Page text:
While many job seekers erroneously believe that employers don’t read cover letters, they are a powerful tool in any job seeker’s tool box.
When faced with candidates who possess similar qualifications, recruiters and hiring managers often turn to cover letters to help them decide which candidate to interview.
For that reason, a well-written cover letter can be the tiebreaker between two similarly qualified candidates.
Take the time on Day 4 to write a fresh cover letter that highlights and expands upon the skills and experience in your resume.
A cover letter shouldn’t rehash your resume; it should illuminate those resume qualifications and paint a picture of who you are as a person and as a candidate.
For those who have recently been laid off, a cover letter is also a chance to offer an explanation of why you are no longer in your most recent role.
No long account of the layoff is required. Rather, just a line or two will suffice.
Here is an example of what you might write:
“Although I was a top sales person for my company, my position was eliminated during a restructuring after the company was acquired. I am now looking forward to applying my sales skills in another role.”
This is one of the most important things to do after getting laid off.
Even though you may feel a sense of embarrassment about losing your job, the truth is that layoffs are a fact of life. These things happen and it doesn’t necessarily reflect what kind of employee you were.
Once you’ve had a few days to process and take care of the administrative tasks, start reaching out to your contacts and networking to let them know you are looking for work.
This was mentioned above too, but if you haven’t jumped at the chance to start networking and having conversations yet, now is the time!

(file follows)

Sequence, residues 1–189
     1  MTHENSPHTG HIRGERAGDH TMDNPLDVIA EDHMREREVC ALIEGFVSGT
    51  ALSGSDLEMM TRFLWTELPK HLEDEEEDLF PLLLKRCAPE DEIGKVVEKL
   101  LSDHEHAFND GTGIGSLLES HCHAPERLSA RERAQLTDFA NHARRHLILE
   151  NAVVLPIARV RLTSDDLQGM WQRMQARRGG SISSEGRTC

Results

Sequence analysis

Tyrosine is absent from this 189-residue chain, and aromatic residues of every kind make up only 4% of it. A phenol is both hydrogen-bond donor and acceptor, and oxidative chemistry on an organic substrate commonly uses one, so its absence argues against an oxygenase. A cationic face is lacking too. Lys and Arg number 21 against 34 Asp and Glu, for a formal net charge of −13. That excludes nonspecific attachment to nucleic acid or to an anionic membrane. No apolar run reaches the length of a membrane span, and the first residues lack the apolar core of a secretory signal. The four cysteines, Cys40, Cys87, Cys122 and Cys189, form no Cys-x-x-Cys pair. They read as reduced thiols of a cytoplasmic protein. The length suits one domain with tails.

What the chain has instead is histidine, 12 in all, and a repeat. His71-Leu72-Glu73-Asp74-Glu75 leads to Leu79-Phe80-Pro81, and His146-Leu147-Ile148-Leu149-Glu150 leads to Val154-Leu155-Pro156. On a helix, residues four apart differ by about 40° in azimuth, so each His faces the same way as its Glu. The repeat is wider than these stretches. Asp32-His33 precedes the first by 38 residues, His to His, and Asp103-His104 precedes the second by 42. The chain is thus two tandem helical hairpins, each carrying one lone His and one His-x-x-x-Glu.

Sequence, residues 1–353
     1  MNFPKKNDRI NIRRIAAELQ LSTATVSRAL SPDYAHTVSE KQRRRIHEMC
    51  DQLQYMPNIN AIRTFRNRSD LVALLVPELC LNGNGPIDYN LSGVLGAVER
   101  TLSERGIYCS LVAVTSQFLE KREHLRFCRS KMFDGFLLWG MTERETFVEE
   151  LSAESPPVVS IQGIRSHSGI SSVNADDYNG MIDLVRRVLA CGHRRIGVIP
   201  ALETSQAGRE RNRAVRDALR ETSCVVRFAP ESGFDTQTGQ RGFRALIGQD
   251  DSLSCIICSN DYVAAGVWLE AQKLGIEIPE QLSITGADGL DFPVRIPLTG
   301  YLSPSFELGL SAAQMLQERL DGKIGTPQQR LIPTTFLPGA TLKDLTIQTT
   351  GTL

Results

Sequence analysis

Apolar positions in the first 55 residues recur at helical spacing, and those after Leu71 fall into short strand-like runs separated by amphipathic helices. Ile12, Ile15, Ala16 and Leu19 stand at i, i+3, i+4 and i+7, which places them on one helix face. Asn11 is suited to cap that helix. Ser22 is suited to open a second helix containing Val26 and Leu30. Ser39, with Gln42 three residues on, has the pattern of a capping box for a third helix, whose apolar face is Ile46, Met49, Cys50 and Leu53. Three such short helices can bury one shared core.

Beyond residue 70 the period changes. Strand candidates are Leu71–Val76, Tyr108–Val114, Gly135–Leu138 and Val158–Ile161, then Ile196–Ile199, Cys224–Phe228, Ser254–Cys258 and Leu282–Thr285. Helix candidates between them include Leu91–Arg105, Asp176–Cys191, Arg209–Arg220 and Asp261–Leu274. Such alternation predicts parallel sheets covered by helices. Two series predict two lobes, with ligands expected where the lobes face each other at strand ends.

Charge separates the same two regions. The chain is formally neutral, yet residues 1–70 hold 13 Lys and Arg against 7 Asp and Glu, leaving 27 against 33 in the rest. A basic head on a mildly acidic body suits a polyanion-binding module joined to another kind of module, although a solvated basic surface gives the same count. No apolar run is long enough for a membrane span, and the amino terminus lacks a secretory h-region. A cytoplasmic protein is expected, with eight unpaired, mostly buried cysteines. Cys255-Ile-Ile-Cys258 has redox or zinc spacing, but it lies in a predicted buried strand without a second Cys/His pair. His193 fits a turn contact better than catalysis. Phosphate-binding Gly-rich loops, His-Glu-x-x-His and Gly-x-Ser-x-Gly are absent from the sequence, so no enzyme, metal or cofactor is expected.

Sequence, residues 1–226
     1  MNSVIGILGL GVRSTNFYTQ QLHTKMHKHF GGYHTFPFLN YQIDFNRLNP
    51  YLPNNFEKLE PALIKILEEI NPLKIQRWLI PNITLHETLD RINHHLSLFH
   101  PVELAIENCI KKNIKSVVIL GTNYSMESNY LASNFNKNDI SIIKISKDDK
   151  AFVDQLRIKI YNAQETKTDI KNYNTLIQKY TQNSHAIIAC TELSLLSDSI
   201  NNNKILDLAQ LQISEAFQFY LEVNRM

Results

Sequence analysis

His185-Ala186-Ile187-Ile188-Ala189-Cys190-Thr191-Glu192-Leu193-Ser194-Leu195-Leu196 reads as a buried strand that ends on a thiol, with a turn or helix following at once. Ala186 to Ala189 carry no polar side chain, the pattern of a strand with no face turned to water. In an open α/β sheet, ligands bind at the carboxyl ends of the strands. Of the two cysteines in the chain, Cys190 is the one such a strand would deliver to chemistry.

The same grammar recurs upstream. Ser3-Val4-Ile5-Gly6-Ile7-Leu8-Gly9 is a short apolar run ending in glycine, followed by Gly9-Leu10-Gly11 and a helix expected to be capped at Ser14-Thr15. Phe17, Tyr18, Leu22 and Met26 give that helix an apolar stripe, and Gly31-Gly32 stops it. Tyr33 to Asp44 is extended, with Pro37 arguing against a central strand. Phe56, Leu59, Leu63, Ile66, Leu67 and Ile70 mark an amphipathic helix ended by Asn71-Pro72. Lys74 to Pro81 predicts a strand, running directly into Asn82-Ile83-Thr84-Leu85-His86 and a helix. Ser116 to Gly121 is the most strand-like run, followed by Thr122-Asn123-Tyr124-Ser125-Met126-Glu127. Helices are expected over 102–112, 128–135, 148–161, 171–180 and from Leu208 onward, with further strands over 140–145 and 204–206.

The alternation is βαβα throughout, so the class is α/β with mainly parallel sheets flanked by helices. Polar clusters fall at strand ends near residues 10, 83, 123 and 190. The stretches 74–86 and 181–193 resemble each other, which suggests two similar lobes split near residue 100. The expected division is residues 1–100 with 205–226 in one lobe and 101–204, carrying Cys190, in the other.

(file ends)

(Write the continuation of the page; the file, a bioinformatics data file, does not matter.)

The bottom line is: People can’t help you if they don’t know you’re searching, or if they don’t know that you were just laid off. And you never know what a conversation will lead to – so always be networking along with applying on job search engines/websites.
Spreading the word in your professional circles is a great way to succeed faster in your job search, and some studies indicate that up to 85 percent of all jobs are filled through networking.
The next big thing to do after being laid off is to plan for how you’ll explain the fact that you’re job searching now.
Regardless of the reason for your layoff, during the networking and interview process, you are going to have to explain to contacts, colleagues, and recruiters why you are back on the job market.
Take the time to decide how you plan to articulate your layoff. Write a short, simple explanation of why you lost your job (“Thanks to budget cuts, ten percent of the company was laid off. Unfortunately, I was one of them.”) and what you hope to do next.
Keep it brief and positive. Never badmouth or share negative details about your former employer, but do explain the situation and why the layoff occurred (restructuring, financial difficulties, losing a big client, etc.)
Do your best to be upbeat about the possibilities this turn of events has opened in your professional life. For example, you might wrap up your explain by saying something like:
“I had such a great learning experience in my last role but now I have the opportunity to apply my skills to another area of the business and expand my skill set.”
It’s often hard to relax and enjoy yourself during a layoff. Money might be tight, or the stress of the job search could be weighing on you.
However, it’s wise to do your best to enjoy this time away from the daily grind. If you have the money to travel, do it now.
Take advantage of this break to get back in shape. Or, use your free time to take an online course to learn a new skill!
Remember, staying positive and productive during a layoff is critical to performing well in job interviews. You will get a new job; in fact, most job seekers find a new role within six weeks of launching a job search.
Follow these tips for how to find a job after being laid off, and you’ll have the best chance of getting hired quickly while staying sane in the process.
If you have any questions about the info above, or are still unclear on what to do when you get laid off, leave a comment below.
Since 2005, LiveCareer has been developing tools that have helped over 10 million users build stronger resumes, write persuasive cover letters, and develop better interview skills.